New wars, new weapons—new challenges for the Red Cross
23 May 2019|

Seventy years after the signing of the Geneva Conventions, geopolitics has brought humankind to the brink of another arms race with new weapons and non-human combatants, a senior Red Cross official has warned.

Dr Hugo Slim, head of policy for the International Committee of the Red Cross, said the conventions placed deep value on restraint and set important limits on the violence that continued to mark our species.

States must work together to protect the victims of wars and natural disasters, Slim said in a lecture co-hosted by the ICRC and the Australian National University’s Coral Bell School of Asia Pacific Affairs.

‘We need humanitarian multilateralism urgently today as geopolitics leans towards great-power contest and competition once again and as new technology sees us on the cusp of a paradigm shift in new weapons and non-human combatants.’

Slim said warriors and politicians must distinguish between combatants and civilians; protect civilians, civilian objects and the environment; attack or defend in proportion to the threat using reasonable force that does not impose unnecessary suffering or superfluous injury; provide or allow impartial relief to the wounded, sick, civilians and detainees; and treat all people in their nations’ care humanely.

Developments in warfare demanded new Red Cross practices, and political changes demanded a shift in its diplomatic practice. Decolonisation and liberation had seen more than 100 new states emerge. Some were now major powers and many were middle powers or small states with full-spectrum foreign policy perspectives and significant diplomatic capacity.

It was important for the ICRC to know them all, and its diplomatic expansion was a response to the increasing significance of Asian, Pacific and African states and their potential to be important partners in dealing with specific conflicts, or in global policy development.

States often had distinct and nuanced views on global issues which the ICRC needed to know and understand.

Slim said a new wave of conservatism was driving a rise of so-called ‘illiberal democracies’ and authoritarian governments. That required the ICRC to have a deep understanding of conservative values and to appreciate where conservative and nationalist ethics found common ground with humanitarian values and the Geneva Conventions.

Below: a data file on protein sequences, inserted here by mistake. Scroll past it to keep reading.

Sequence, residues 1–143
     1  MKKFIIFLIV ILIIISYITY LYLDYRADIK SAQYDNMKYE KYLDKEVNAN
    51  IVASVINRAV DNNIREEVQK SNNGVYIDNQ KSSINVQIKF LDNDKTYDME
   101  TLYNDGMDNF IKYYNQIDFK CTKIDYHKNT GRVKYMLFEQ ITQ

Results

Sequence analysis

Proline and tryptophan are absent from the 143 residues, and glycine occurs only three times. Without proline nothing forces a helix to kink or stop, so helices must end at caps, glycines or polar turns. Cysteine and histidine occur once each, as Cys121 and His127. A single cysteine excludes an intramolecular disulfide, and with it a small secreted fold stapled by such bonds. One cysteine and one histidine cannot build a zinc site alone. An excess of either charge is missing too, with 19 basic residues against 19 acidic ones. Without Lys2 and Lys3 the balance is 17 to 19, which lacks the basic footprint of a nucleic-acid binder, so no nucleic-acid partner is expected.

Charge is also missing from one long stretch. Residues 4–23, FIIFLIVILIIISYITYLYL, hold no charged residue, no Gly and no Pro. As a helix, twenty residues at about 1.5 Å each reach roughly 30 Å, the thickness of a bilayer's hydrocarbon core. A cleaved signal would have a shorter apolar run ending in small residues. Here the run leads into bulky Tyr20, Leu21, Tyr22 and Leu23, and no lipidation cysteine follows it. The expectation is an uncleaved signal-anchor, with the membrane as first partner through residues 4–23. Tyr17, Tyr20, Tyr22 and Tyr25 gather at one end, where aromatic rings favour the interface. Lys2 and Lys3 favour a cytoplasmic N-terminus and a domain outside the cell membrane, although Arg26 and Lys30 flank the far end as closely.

‘The ICRC always needs to develop a meaningful humanitarian dialogue with new political movements of all kinds as they arise and engage in armed conflict. Our sustained dialogue with radically conservative Islamist and Buddhist politics in recent years is an example.’

Slim said the ICRC had to listen to conservative and nationalist political opinion in the same way it engaged with liberal democracy in the 1990s and early 2000s.

The shift from cooperation to competition among the world’s great powers, and the long-range risk of global conflict, required the ICRC to have especially close relations with these powers, their political and military establishments, and their humanitarian auxiliaries such as the Red Cross and civil defence and emergency management departments.

Another major change was the rise in the ‘coalition of warfare’, with diverse and complicated partnered operations between allied states and multiple armed groups, as a feature of war in the Middle East, North and West Africa, and parts of Asia.

Prioritising joint military policy, planning, training and equipping could ensure that all parts of a coalition respected international humanitarian law in equal measure.

‘Here we need Australian support whenever your military forces are part of a coalition’, Slim said.

The ICRC was especially concerned about the use of explosives with a wide impact in urban areas, and persistent attacks against healthcare facilities, staff and patients. It was working with states and armed groups to reduce these violations.

‘On both these humanitarian challenges … we need Australian humanitarian influence close to the ground whenever possible.’